This recipe caught my eye because 1) it used beer 2) it called for pumpkin and 3) well, brownies might just be one of my most favorite desserts ever. This is the third recipe that I’ve used from Women’s Health Magazine – these ladies really know their beer recipes! While visually, I don’t think they came out quite as well as the WHM ladies version, tastefully, they delivered!
Chocolate Stout Pumpkin Brownies
*Womens Health Magazine
2 Tbsp low-fat cream cheese, room temperature
1/2 cup plus 1/4 cup sugar
1/2 cup canned pumpkin
3 large eggs, room temperature
1 cup plus 2 Tbsp whole-wheat pastry flour
1 tsp cinnamon, divided
6 oz bittersweet baking chocolate, chopped
2 Tbsp unsalted butter
1/3 cup unsweetened cocoa powder
1 cup stout beer, room temperature
1 tsp vanilla extract
1/2 tsp baking powder
1/4 teaspoon salt
1) Preheat oven to 350°F. Lightly grease an 8-inch square baking pan. In a bowl, stir together cream cheese, 1/4 cup sugar, canned pumpkin, 1 egg, 2 tablespoons flour, and 1/2 teaspoon cinnamon; set aside.
2) Place chocolate and butter in a metal bowl and heat over a pot of simmering water, stirring until completely melted. Remove the mixture from the heat and stir in 1/2 cup sugar. Mix in 2 eggs, one at a time. Gently stir in 1 cup flour, cocoa powder, beer, vanilla extract, baking powder, salt, and 1/2 teaspoon cinnamon.
3) Scrape half the chocolate batter into the prepared baking pan and spread evenly. Spread half the pumpkin mixture on top, then add the remaining chocolate mixture on top of that and spread evenly. Top with the remaining pumpkin mixture. Gently swirl batter with a butter knife. Bake for about 30 minutes, or until an inserted toothpick comes out clean. Let cool before slicing.
These were phenomenal, however I think next time there are a couple things I might do differently. 1) Double the pumpkin mixture – I felt that the chocolatey-ness of the brownies really overp0wered the deliciousness of the pumpkin swirl on the top. So I would recommend doing that, especially if you love pumpkin!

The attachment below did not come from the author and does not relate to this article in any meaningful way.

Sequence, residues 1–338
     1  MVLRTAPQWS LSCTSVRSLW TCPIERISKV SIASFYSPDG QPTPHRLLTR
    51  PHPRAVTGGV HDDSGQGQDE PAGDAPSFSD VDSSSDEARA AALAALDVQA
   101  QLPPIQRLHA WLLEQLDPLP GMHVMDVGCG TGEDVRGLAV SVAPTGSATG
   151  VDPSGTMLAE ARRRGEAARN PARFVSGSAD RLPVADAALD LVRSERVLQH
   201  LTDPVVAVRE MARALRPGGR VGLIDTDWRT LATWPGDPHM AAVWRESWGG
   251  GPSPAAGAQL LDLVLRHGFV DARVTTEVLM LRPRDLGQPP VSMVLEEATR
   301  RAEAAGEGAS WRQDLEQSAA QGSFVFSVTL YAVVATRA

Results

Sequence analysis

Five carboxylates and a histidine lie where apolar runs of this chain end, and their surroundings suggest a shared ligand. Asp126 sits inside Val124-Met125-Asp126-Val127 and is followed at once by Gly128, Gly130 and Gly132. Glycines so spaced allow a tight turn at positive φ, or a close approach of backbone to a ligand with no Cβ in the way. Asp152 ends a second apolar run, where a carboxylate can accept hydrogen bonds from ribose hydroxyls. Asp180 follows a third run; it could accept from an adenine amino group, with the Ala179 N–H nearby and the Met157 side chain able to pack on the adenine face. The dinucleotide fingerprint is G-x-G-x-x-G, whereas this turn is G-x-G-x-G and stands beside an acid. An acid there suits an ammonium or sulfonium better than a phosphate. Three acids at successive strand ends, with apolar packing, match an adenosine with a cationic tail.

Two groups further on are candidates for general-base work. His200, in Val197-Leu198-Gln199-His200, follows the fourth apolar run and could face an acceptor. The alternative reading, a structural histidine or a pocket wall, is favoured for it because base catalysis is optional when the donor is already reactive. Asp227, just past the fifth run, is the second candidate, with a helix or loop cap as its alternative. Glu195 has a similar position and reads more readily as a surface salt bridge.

I also think I would maybe cut back on the amount of unsweetened baking chocolate, maybe from 6 oz. to 4 or 3. I personally don’t love that bitter chocolate taste, and felt that the brownies were a little bit on the bitter chocolatey side, so I think I would just maybe cut back on it a bit next time.
You guys will love these though 🙂 Another keeper for ‘Cooking with Beer’!
I’d like to start this post out by giving a shout out to Lilly at Lilly Sues Bites & Brews. She was so kind to nominate us for the ‘Versatile Blogger’ award a few weeks back while we were on vacation. I remember looking at the post, and the first pictures I saw were of her pouring wine into a coffee cup (AMAZING) and spreading cheese on crackers – wine and cheese and crackers are one of Dave and I’s top 3 favorite meals (even though it should really just be a snack, we make a meal out of it many nights). And then I went on to read more, and found that in addition to blogging about delicious food and restuarants and recipes, she’s kind of into beer, like a lot. She even has a “Beer” tab on her blog with all these beers, categorized by style that I am dying to try! Some I (and Dave) have never even heard of. And I wanted to wait until it was fully appropriate to thank her. And I’m pretty sure “Cooking with Beer Week” is the perfect time! So thank-you Lilly – you’re a beer connoisseur that I aspire to be like!
Now onto the recipe – pork is one of those meats we don’t dabble into much. Not because we don’t like it, but because eating chicken 5 nights a week is SOOOO fun! (hence this blog – branching outage). I honestly really enjoy pork dishes – a nice breaded pork chop (“It’s shake n’ bake – an’ I haelped!”) or a nice cut of lean tenderloin, marinated in something yummy. After making this, I realized that I really gotta give Porky Pig and his body parts some more playing time. When I saw this recipe (also from Women’s Health Magazine – holla at the delicious Beer recipes ladies!) I thought “Oooooeeeee that sounds amazing! And it uses beer! sold!”
I remember at Thanksgiving, my mom decided it was time to try ‘brining’ the turkey because she’d heard so many good things about it. And I watched her as she shoved the 30-lb bird in this ginormous plastic bag of brine thinking to myself “She is cra-cra” – but, after doing it myself in this recipe, I gotta say I’m a believer in brining. The pork tenderloin was sooooo moist and juicy, and the flavors of the brine really gave it so much more dimension than a regular old piece of pork.
Beer-Brined Pork Tenderloin with Beer-Mustard Sauce
*From Women’s Health Magazine
2 cups plus 1 1/2 cups low-hops lager or pilsner
3 Tbsp kosher salt
1 Tbsp sugar
2-3 lbs. pork tenderloin (or you could use chops)